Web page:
Banks, credit card companies and other lenders routinely offer accounts or products with deferred interest. With a loan or other debt, deferred interest means that you either do not pay interest for a specific amount of time or you pay less than the minimum balance and pay the difference plus interest later. The terms, meaning and calculation of deferred interest changes with each lender; be sure that you understand the rules of the contract before signing up.

## No Interest for Several Months

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Determine if your deferred interest offer suspends interest for a number of months, which is common with credit cards and installment plans for large consumer items such as furniture.

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Read the contract and determine if there is no interest at all for the time period stated in the contract or if the interest accumulates and you have to pay it after the time period ends.

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Find the interest rate in the contract and the amount of time that you have to pay the debt.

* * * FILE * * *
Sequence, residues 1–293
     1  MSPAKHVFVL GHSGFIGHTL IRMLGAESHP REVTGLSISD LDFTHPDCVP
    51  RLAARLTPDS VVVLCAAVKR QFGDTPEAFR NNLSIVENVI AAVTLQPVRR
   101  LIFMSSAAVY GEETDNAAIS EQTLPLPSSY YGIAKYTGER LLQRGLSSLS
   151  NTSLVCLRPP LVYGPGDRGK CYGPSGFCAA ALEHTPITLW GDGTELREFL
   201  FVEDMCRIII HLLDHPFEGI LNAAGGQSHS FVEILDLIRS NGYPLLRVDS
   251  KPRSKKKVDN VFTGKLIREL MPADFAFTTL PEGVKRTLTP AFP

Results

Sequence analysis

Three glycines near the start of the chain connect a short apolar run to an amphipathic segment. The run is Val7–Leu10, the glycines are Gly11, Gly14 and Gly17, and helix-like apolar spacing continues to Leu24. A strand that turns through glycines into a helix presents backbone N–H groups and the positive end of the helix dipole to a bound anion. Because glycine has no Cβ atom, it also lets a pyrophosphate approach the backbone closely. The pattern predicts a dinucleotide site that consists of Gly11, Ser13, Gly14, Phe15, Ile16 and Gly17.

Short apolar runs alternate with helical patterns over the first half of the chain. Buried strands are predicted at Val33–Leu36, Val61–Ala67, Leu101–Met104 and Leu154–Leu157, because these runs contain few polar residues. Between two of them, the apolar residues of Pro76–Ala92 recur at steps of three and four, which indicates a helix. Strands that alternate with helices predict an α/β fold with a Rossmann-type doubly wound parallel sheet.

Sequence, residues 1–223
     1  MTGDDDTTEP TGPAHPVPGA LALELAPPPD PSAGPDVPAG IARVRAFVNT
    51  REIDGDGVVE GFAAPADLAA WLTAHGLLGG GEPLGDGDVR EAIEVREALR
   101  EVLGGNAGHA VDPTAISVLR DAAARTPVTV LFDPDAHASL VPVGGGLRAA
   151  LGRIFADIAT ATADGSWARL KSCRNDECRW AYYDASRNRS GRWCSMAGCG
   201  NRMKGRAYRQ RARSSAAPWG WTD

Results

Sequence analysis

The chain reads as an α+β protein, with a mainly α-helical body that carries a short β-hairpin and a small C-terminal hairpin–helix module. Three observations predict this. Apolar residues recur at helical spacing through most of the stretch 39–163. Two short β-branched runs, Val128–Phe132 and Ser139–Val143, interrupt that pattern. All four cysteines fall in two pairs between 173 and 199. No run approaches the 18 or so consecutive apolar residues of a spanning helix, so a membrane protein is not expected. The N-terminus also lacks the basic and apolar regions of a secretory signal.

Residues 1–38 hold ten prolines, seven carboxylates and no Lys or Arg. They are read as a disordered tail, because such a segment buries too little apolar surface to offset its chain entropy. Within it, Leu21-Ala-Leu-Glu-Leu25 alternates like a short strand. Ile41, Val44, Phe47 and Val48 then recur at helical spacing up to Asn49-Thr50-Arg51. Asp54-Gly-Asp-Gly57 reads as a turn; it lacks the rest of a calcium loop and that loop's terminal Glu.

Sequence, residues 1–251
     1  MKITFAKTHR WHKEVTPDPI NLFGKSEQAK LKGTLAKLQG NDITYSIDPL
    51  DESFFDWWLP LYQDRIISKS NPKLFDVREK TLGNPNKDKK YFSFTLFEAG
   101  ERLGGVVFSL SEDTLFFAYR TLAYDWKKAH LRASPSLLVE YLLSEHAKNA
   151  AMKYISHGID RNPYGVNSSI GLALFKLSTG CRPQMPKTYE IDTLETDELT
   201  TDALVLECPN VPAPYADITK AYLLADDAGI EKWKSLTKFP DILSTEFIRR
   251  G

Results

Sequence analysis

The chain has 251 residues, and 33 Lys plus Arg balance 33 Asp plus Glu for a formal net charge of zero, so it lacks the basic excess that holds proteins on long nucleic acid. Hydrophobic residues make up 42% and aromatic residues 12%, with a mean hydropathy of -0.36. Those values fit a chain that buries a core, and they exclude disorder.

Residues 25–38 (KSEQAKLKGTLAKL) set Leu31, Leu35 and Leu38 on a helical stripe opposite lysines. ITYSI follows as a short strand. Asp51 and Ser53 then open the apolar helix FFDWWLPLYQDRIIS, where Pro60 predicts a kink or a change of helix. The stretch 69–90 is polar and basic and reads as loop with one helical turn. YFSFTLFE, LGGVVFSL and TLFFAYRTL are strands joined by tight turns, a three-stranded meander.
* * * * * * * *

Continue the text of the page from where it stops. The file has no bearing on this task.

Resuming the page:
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Multiply the amount you owe by the interest rate and the number of years you have to pay it back. For example, if you bought a $1,000 couch at 10 percent a year and have two years to pay, you will pay $200 in interest: (1,000)(0.1)(2). If the interest accrues, you have to pay $200 — two years of interest — back in one year, plus the $1,000.

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Subtract the interest from the interest free period if the interest does not accrue. For example, if the $1,000 generates no interest for 12 months but you pay the debt back in 24 months at 10 percent a year, you owe $100 in interest: (1,000)(.1)(2) - (1,000)(.1).

## Negative Amortization

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Determine if your contract allows you to pay less than the monthly minimum but adds the difference to the debt. This type of deferred interest is common in mortgages and is also called negative amortization.

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Add the amount that you do not pay every month to your principal — the original debt. For example, if you have a 30-year mortgage of $100,000 but pay $500 less than the monthly minimum each month for a year, your principal goes up to $106,000.

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Multiply the new principal by the interest rate; the product is the amount of interest that you owe. For example, a $106,000 mortgage at 5 percent a year generates $5,300 in interest for the lender